I have been making my lower stoker/lighting hole a little smaller to help in the wind dept. the cup below is 16floz
and weighs 2.8oz with the base (1.8oz without).
I may try one of the larger ones with no hole and see if I can get it lit from the top using your method. This could result in a more manageable fire that could be tended less. I like that but I also kind of enjoy tending the fire. My grandmother always said the secret to being a good cook is to never leave your food. :D

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Last edited by cadyak on Tue Jul 27, 2010 8:06 pm, edited 2 times in total.

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zelph
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Re: "Wood Fires" Top Lighting Technique

Post by zelph » Tue Jul 27, 2010 7:52 pm

.
cadyak wrote:Does it take any longer to get started and to get good cooking heat out of a top lit set up? What are the benefits?
Is it a one loader?
No, not any longer to get started and getting up to a good flame to start cooking.

The size, dryness, tinder and how it's stacked is important in a "batch" load of wood. One batch is plenty to do 2 cups of water. I have not tried more than 2 cups in my testing. I'm perfecting the stove. When the stove is ready I'll post a video of what it looks like as it is top lit and burns through it's cycle.

Ryan Jordan of Backpackinglight.com summed it up very well when talking about the BushBuddy wood burning stove; PRACTICE, PRACTICE, PRACTICE.

That holds true to all back packing stoves.
http://www.woodgaz-stove.com/

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zelph
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Re: "Wood Fires" Top Lighting Technique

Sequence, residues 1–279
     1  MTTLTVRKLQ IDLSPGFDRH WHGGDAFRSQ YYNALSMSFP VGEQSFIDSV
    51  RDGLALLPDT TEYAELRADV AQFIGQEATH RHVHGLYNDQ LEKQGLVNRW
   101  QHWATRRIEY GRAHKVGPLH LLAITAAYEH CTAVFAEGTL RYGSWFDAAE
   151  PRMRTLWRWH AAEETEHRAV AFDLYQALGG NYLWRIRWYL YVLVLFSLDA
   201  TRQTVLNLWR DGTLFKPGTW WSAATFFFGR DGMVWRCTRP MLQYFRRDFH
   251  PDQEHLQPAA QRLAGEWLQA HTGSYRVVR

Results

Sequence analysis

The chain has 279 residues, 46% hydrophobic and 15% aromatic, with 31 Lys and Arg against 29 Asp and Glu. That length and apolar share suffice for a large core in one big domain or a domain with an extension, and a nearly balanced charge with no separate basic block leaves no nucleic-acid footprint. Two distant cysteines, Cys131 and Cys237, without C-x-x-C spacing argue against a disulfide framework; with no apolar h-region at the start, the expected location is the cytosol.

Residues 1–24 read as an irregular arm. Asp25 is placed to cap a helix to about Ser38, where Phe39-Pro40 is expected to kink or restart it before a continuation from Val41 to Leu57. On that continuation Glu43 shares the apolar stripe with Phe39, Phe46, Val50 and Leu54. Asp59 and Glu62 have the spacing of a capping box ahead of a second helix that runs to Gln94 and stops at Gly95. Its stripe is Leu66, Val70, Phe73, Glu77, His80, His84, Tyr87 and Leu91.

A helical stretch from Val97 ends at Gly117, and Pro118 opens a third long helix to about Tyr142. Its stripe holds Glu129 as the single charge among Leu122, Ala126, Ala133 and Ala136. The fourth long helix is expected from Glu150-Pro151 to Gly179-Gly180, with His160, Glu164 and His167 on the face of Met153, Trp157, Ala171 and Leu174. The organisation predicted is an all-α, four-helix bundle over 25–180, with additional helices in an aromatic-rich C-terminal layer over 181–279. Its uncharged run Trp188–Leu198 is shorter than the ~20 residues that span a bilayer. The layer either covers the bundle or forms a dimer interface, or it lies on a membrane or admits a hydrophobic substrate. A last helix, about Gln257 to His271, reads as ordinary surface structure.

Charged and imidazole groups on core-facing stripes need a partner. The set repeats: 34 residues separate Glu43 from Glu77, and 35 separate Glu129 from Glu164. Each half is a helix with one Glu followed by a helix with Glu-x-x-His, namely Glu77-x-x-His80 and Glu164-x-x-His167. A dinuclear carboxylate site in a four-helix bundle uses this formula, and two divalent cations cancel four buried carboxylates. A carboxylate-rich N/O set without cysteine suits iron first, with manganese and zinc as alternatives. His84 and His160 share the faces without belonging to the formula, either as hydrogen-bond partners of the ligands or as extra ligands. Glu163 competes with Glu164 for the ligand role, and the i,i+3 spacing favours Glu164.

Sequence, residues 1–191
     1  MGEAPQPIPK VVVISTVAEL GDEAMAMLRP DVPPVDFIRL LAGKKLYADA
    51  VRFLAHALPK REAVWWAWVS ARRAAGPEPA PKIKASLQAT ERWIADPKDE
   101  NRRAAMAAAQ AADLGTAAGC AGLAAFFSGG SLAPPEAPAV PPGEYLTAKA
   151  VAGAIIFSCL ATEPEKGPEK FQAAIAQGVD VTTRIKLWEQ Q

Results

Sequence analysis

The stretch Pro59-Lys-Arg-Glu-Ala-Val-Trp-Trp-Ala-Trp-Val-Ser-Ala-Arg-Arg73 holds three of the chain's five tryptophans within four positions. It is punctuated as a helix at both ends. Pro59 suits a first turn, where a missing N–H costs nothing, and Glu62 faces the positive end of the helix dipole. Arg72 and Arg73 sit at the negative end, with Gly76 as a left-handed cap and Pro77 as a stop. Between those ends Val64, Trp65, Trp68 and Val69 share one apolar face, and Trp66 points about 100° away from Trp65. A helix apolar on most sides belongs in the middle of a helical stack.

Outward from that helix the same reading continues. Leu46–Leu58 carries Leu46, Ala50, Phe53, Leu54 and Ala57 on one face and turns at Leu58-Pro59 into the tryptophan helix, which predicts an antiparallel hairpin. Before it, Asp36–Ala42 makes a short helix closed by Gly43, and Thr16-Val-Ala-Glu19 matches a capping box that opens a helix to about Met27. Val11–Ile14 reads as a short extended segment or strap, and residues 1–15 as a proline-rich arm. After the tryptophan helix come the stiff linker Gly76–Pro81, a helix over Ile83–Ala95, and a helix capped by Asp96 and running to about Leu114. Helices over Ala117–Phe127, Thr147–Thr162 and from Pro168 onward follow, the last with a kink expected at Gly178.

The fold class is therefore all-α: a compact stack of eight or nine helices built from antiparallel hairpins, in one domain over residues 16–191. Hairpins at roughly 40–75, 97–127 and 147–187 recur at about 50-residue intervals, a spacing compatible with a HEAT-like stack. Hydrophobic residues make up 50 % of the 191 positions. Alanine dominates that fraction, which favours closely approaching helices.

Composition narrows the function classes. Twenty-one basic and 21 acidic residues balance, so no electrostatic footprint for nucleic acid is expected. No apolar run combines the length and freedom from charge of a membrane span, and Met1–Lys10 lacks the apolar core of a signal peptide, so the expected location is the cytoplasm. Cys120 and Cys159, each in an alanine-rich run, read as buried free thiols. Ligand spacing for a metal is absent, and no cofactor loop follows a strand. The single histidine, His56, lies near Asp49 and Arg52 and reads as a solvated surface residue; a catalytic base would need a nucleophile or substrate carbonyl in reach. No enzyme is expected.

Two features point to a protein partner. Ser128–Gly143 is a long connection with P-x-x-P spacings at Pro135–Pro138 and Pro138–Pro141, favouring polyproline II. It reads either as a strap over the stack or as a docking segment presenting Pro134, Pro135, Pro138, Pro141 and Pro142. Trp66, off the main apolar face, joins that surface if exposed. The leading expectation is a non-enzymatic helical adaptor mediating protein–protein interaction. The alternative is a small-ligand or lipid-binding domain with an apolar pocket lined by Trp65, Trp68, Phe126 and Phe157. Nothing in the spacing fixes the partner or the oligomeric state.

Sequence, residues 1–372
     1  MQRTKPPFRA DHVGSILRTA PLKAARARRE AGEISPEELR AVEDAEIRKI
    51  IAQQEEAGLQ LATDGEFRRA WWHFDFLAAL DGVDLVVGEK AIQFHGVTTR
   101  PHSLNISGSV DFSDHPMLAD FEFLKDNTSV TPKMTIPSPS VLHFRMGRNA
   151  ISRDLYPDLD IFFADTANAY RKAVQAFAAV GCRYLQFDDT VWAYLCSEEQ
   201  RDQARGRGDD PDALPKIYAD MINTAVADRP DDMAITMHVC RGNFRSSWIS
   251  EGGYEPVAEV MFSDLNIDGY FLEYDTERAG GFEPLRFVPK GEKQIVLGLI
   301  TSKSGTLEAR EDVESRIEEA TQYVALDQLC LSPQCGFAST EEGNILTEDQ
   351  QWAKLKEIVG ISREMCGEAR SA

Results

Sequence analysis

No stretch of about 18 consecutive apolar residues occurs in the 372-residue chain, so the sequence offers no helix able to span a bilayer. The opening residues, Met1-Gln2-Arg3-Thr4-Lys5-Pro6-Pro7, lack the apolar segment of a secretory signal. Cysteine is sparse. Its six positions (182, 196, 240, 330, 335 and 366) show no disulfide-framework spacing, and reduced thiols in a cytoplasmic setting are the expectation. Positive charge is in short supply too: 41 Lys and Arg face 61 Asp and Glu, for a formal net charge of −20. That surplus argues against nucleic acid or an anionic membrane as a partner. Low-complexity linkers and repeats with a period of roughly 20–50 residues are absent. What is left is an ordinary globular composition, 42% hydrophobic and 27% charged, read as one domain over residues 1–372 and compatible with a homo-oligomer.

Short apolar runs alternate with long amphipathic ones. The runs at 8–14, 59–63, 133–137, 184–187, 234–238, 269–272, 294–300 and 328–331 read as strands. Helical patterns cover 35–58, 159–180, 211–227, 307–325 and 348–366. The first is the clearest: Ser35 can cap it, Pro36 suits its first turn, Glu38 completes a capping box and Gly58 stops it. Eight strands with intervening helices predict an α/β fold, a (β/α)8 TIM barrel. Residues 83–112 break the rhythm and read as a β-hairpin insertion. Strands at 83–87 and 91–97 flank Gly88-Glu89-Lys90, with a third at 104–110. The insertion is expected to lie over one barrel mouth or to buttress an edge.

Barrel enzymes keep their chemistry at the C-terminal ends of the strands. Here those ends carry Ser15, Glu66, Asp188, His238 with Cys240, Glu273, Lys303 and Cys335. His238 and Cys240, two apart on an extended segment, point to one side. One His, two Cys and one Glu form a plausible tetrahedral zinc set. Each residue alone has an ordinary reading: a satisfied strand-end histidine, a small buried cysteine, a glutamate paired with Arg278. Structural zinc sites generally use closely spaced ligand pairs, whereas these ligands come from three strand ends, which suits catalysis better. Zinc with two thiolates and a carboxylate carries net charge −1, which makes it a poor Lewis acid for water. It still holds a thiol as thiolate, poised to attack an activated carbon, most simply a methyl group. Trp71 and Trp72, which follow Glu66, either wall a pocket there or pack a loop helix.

Post by zelph » Wed Jul 28, 2010 11:41 pm

This is a video of a test after making an adjustment to the pot support height.

I have 100% success top lighting this stove with large pieces of fuel. I use paper only for tinder starter. I'll post photos of the fuel tomorrow. It takes 1/2 hour to upload a video to photobucket :roll:

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http://www.woodgaz-stove.com/

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zelph
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Re: "Wood Fires" Top Lighting Technique

Post by zelph » Thu Jul 29, 2010 9:53 am

Here are photos of the wood burned in the video. I'ts wild cherry, collected 3 days ago from a tree in the local forest preserve. The branch was hanging in a tree. Thin bark remained but I could see it had been hanging there for some time. The wood is thoroughly dry.

The stove I'm using is one of my prototypes, the same size as a Bushbuddy but only weighs 3.8 ounces. Made of stainless steel. Holds more fuel than the BB. Single wall.

The stove, and how the fuel is stacked in it determines the successful ignition of "top lighting"

Only paper is used to start the stove. No fatwood and no chemicals.

ImageImageImageImage
http://www.woodgaz-stove.com/

realityguy
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Re: "Wood Fires" Top Lighting Technique

Post by realityguy » Thu Jul 29, 2010 10:50 am

Hey cool!Looks like you found 50 cents in your firewood! :o <satire>
I hope you're counting the time it takes to find/process your wood for the stove in your overall burn time to heat water..;) <more satire>







satire ( ) n. A literary work in which human vice or folly is attacked through irony, derision, or wit.
:roll: :lol:

Damn..now I have to look up "derision"... :cry:
The views and opinions expressed by this person are his own and not the general consensus of others on this website.Realityguy

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zelph
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Re: "Wood Fires" Top Lighting Technique

Post by zelph » Thu Jul 29, 2010 10:59 am

I hope you're counting the time it takes to find/process your wood for the stove in your overall burn time to heat water..;)
No way jose!!!!! I'm not going to waste my precious time on counting, I need all the time I can get for collecting and processing my fuel :mrgreen:

Notice the dual purpose fire starter :D
http://www.woodgaz-stove.com/

realityguy
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Re: "Wood Fires" Top Lighting Technique

Post by realityguy » Thu Jul 29, 2010 11:04 am

Notice the dual purpose fire starter :D
TP is even more multi-purpose than that... :mrgreen:
The views and opinions expressed by this person are his own and not the general consensus of others on this website.Realityguy